When it comes time to make an offer it’s important to send a formal offer letter. This is a potentially legally binding contract once you and your potential hire sign it. Until that point, it is a formal invitation for the candidate to join your organization, so make sure it’s clear and has a friendly tone. The letter should include information on some key things like salary, job title, expectations, contingencies, hierarchal structure or direct reports, and a starting date for example. If the candidate comes back with a counter offer, think long and hard about how difficult it would be to find someone else with the same set of personal and professional skills. It’s typically in your best interest to consider the counter offer and do your best to work with the caudate to make reasonable accommodations.2,6

What documents do employers need?

Before starting out with your creative recruiting strategy, ensure that your business has all of the required documents securely in place. These items can sometimes vary state to state, so it is critical that you check your local labor laws. Typically, the documents that an employer needs include:

  • Employer Identification Number (EIN)
  • State Tax ID number (which you can learn more about here)
  • Employee handbook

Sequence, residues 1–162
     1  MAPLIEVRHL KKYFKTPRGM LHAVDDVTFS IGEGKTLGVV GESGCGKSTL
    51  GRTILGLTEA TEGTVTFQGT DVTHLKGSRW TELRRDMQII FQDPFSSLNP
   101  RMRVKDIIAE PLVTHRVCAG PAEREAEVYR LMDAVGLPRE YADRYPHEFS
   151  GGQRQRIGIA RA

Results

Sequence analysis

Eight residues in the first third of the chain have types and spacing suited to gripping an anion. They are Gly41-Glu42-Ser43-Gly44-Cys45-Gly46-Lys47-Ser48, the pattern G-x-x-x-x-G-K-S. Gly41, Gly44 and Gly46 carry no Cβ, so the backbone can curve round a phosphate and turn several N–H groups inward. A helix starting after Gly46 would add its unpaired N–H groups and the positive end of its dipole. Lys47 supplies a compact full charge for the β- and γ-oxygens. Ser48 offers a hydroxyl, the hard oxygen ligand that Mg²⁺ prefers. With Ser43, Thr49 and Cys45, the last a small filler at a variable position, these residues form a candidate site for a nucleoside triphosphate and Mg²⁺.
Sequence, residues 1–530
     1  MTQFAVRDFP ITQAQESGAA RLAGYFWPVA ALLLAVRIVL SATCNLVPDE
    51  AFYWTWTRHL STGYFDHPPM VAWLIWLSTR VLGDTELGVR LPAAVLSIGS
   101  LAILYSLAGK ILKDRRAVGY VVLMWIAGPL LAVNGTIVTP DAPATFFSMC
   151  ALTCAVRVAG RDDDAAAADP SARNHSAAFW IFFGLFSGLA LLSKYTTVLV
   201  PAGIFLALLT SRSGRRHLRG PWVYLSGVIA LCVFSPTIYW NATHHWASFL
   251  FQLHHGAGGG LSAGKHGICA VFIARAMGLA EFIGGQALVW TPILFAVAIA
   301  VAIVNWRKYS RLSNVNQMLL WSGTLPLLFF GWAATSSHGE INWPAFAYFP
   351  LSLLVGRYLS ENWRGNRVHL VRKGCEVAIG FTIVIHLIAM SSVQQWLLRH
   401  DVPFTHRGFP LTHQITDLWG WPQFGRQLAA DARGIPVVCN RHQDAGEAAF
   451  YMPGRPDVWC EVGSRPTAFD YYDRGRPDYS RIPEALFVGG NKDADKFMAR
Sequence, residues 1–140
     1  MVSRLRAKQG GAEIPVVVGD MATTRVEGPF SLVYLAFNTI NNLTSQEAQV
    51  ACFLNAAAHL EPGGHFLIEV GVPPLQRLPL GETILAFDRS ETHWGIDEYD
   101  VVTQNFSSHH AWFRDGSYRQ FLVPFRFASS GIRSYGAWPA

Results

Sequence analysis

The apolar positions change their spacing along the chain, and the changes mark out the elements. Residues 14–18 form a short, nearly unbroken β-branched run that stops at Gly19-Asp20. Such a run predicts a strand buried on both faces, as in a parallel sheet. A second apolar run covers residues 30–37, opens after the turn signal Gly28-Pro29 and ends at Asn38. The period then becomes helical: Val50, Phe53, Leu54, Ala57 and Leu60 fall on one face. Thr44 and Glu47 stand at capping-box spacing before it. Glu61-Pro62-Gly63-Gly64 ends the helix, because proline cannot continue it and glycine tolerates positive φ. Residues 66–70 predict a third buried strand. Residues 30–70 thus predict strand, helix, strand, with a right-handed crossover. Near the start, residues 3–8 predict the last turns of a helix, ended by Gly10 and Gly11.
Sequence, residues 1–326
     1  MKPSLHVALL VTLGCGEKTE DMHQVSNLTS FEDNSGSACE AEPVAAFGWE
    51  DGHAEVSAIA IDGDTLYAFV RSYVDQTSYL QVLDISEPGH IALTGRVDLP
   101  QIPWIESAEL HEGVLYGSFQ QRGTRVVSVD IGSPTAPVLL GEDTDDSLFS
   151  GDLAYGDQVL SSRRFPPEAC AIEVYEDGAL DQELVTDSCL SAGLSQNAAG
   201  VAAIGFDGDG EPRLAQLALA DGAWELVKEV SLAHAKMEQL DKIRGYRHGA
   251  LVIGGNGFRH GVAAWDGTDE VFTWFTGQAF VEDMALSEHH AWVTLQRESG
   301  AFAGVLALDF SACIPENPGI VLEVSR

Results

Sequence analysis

• Employee contracts
  • W-4 & I-9 forms

Hiring the most relevant and best suited employees for your team is key to ensure long term growth and quality of work. By matching their skillsets, personality, diversity, and creativity with your existing team you’re helping to continue building a more positive working environment and investing in the future of your organization. For more helpful insights visit the Business Solutions Center.

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Lundin, Paul. How To Hire & Lead Great Teams. 27 Oct. 2016, https://medium.com/startup-grind/how-to-create-lead-great-teams-9bba962e1fd6.
Kohll, Alan. "The Evolving Definition Of Work-Life Balance." Forbes, Forbes Magazine, 23 May 2018, www.forbes.com/sites/alankohll/2018/03/27/the-evolving-definition-of-work-life-balance/?sh=265ddb19ed3e.
3 "The 4 Hiring Practices of Highly Successful Organizations." Inc.com, Inc., 16 Jan. 2002, www.inc.com/articles/2002/01/23815.html.
4 "How to Hire the Right Person." The New York Times, The New York Times, https://www.nytimes.com/guides/business/how-to-hire-the-right-person
5 Martic, Kristina. “Pros and Cons of Group Interviews." Medium, HR Blog & Resources, 17 Jan. 2019, https://medium.com/hr-blog-resources/pros-and-cons-of-group-interviews-f5d9b6bb85c7.
6 "What to Include in a Job Offer Letter." Business News Daily, www.businessnewsdaily.com/15936-how-to-write-job-offer-letter.html.

The information included is designed for informational purposes only. It is not legal, tax, financial or any other sort of advice, nor is it a substitute for such advice. The information may not apply to your specific situation. We have tried to make sure the information is accurate, but it could be outdated or even inaccurate in parts. It is the reader’s responsibility to comply with any applicable local, state, or federal regulations and to make their own decisions about how to operate their business. Nationwide Mutual Insurance Company, its affiliates and their employees make no warranties about the information nor guarantee of results, and they assume no liability in connection with the information provided.